Do you read your local paper? Do you even have one? Living in East London it's easy to forget that we do. And I'm not talking about the Evening Standard, which (notionally at least) covers the entire capital. I mean the hyperlocal neighbourhood papers with news about what's happening within a few miles of your door. Where I live there are two. There's East End Life, which is the sunny optimistic council freesheet that Eric Pickles can't ban, and which for some reason nobody ever posts through my letterbox. And then there's the proper paid-for local paper, the East London Advertiser. Just not for much longer.
The East London Advertiser is a long established title, published regularly since 1866. It's reported on Jack The Ripper, brought news of the Siege of Sidney Street and kept the East End updated on the Blitz. It's an award-winning title, even if now subsumed into the Archant publishing empire (and based in Ilford). You'll find the East London Advertiser in local newsagents and supermarkets for the princely sum of 60p, and it sells about 7000 copies a week. The latest edition leads with the death of a cyclist on the Bow Flyover Cycle Superhighway, and continues with news of the bloke who proposed to his girlfriend at Canary Wharf DLR. Stabbings, male rape and laptop theft, they're all in there, as well as reaction by stallholders to changes at Whitechapel Market and a campaign to save Wilton's Music Hall. Classifieds, sport, sudoku... all the usual, with the emphasis on what's going on across a broad swathe of Tower Hamlets. I've got my copy here - 48 packed pages of local stuff I could live without knowing, but stuff my life is richer for having read.
Alas the East London Advertiser is doomed. The last copy rolls off the presses next Thursday, and the following week morphs into something new. Roll on the Docklands & East London Advertiser, a new paper for Tower Hamlets formed by merging Canary Wharf freesheet The Docklands with the Victorian ELA. Why publish two newspapers when you can publish one? We're promised that the new paper will have increased pagination, which presumably means combining most of the stories which would have appeared in the old papers. It almost certainly means office workers at Canary Wharf reading tales of criminal woe in Bethnal Green, and residents in Bethnal Green reading reviews of the Thai bistros at Canary Wharf, whether that's of interest or not. Less focus, reduced targeting, broader geographical spread. Archant London editorial director Bob Crawley seems convinced it's a change for the better...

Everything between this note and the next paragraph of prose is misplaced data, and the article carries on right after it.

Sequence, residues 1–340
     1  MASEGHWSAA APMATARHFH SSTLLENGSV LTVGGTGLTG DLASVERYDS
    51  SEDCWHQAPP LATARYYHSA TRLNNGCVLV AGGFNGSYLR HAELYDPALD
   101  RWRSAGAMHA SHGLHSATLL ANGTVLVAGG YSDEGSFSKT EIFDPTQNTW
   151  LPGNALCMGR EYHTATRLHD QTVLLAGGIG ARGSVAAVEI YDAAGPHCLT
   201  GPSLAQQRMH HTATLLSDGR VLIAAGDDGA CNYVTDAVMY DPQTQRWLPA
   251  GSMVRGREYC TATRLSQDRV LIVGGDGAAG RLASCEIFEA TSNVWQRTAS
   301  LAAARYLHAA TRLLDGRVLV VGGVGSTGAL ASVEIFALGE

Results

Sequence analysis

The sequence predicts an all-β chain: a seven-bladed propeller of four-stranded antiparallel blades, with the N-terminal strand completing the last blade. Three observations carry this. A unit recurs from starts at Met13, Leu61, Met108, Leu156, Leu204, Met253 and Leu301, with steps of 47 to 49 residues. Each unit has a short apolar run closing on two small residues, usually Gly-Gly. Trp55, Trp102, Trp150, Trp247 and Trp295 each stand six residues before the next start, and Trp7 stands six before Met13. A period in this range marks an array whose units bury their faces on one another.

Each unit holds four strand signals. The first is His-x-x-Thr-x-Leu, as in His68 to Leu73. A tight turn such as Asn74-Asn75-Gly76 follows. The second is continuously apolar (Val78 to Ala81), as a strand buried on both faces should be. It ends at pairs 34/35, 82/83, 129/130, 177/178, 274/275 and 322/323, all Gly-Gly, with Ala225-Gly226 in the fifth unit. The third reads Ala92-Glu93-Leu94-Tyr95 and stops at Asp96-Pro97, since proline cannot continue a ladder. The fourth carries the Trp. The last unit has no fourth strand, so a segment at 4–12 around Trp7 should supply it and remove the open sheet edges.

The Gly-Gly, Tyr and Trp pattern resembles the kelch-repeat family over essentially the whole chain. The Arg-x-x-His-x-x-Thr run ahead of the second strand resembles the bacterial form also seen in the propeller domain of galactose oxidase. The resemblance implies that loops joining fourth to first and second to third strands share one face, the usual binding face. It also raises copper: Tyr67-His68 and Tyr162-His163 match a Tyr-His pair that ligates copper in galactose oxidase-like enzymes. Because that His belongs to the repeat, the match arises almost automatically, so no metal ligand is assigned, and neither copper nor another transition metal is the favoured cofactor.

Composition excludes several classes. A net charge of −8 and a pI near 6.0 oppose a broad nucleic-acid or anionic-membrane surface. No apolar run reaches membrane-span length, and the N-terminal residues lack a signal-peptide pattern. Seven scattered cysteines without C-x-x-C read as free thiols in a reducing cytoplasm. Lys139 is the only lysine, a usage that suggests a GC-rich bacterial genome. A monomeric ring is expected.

There's some perverse twisted logic there, which I don't quite believe, given that I bet most Tower Hamlets residents in the northern half of the borough visit Canary Wharf rarely if at all. And that makes me wonder about another peculiar aspect of the new hybrid paper. Apparently it'll be "distributed on a part paid-for and part-free model." That could mean a thin version given away for nothing and a full version available in newsagents. Or, more likely, it means the exactly the same newspaper will be available for free in some parts of the borough and at cost price in others. Indeed it wouldn't surprise me if bankers and office workers at Canary Wharf continue to pick up their freebie from bins in the shopping centre, as now, while hard-up pensioners in Bow and Stepney continue to pay 60p at their local newsagent for precisely the same document. That'd be ironic. We'll see.
Whatever, there's one more solo edition of the East London Advertiser to come, bringing to an end almost 150 years of history. The paper's done well, given the interminable decline of print media in recent years, and the fact that most of you lot now expect news online for free rather than paying for the privilege. Indeed there's been no need to shell out 60p for the ELA for some time, because the whole thing's available to flick throughonline should you care to look. But once 10th November comes round, and the title doubles up with Docklands, I suspect it may be a long time before a story from Bow makes the front cover again.